Skin measurement of temperature is affected by the surrounding air temperature.4 It has been attempted with two radically different technologies. Some of the earliest models were crude, color-changing strips of questionable reliability. However, the recent introduction of a temporal artery thermometer has sparked renewed interest in skin measurements.
Fever Measurement Devices
Many pharmacists remember when glass mercury thermometers were the only devices available for home detection of fever.10 Glass thermometers are now considered hazardous to the environment because they contain mercury.11 The Environmental Protection Agency warned that breakage allows mercury to enter the environment, where its evaporation leads to toxicity. While a national law to prohibit their use has not been enacted, several states and cities have banned them. Nevertheless, there may be millions of these dangerous devices in medicine cabinets across the nation. Pharmacists can initiate trade-in programs as a public service project to encourage people to purchase safer thermometers, perhaps giving a rebate for each glass thermometer that is turned in. The mercury-containing thermometers can then be carefully carried to a certified waste disposal site.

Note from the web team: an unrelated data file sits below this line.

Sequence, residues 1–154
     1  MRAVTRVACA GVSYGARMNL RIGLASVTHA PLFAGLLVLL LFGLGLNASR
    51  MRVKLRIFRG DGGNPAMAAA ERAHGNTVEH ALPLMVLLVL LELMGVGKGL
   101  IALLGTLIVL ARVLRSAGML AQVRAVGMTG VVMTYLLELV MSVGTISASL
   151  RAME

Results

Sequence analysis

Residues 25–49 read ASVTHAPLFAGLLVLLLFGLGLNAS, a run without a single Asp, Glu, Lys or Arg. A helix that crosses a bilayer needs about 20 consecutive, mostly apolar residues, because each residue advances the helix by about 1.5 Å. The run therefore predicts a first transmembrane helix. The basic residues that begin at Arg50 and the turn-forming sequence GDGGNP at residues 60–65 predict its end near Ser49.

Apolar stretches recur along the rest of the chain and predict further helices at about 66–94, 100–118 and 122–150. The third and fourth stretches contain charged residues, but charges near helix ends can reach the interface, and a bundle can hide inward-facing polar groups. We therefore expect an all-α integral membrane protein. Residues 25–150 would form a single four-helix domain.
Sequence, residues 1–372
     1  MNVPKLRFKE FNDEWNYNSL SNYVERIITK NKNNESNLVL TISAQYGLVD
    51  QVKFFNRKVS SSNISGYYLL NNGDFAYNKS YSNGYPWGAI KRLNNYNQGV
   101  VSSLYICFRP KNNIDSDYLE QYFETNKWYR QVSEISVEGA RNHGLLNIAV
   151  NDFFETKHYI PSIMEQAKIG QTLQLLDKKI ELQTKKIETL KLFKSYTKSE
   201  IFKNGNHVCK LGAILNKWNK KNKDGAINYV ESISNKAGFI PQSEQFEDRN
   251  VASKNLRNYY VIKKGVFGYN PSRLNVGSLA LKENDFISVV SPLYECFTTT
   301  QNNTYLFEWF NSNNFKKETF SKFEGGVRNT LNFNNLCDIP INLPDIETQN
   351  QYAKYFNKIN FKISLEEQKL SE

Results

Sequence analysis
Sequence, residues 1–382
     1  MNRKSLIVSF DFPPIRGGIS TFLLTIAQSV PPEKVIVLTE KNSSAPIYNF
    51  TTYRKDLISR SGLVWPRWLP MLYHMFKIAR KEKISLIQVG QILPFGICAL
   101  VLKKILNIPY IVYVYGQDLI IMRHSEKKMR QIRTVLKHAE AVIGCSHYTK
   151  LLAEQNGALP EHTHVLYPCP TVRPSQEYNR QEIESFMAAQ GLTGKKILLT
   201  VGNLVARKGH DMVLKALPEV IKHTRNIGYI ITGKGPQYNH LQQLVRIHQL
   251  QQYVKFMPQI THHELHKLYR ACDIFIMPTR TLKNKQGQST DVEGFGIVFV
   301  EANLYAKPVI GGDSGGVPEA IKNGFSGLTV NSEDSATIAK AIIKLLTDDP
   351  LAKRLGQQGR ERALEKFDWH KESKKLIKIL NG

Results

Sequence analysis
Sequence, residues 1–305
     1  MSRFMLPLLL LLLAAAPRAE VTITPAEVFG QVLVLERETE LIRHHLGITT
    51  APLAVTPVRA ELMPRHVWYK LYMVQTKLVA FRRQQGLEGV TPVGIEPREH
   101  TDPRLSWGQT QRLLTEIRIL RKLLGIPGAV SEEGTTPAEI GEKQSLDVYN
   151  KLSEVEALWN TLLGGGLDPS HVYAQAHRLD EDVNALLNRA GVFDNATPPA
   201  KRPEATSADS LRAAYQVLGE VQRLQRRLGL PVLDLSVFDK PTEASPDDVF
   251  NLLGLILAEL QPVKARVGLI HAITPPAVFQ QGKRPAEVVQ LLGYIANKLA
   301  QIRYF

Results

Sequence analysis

Several companies now market nonmercury glass thermometers. They may contain red or blue alcohol solutions of questionable accuracy. Others contain a gallium/indium/tin mixture known as galistan. These are not widely available at this time.
Alternatives to Glass Thermometers: The introduction of digital thermometers in the 1980s provided an alternative to older glass products. They provided results more rapidly and did not pose an environmental hazard. Several companies market full lines of digital thermometers, such as Vicks and Becton Dickinson (BD). Patients should be urged to purchase inexpensive probe covers (sheaths) to help prevent patient-to-patient contamination with these devices. The thermometers should only be used with a protective sheath, and the sheaths should be discarded after each use.
Vicks Wearable Thermometers are adhesive-backed devices that can be attached to a baby's axilla, providing continuous ability to read the temperature for 48 hours before they are discarded.12 The device contains a grid of 55 dots that change color in a programmed manner as the temperature rises or falls, and a legend provides the parent with the child's temperature, as high as 104.8o F, in 0.2-degree increments.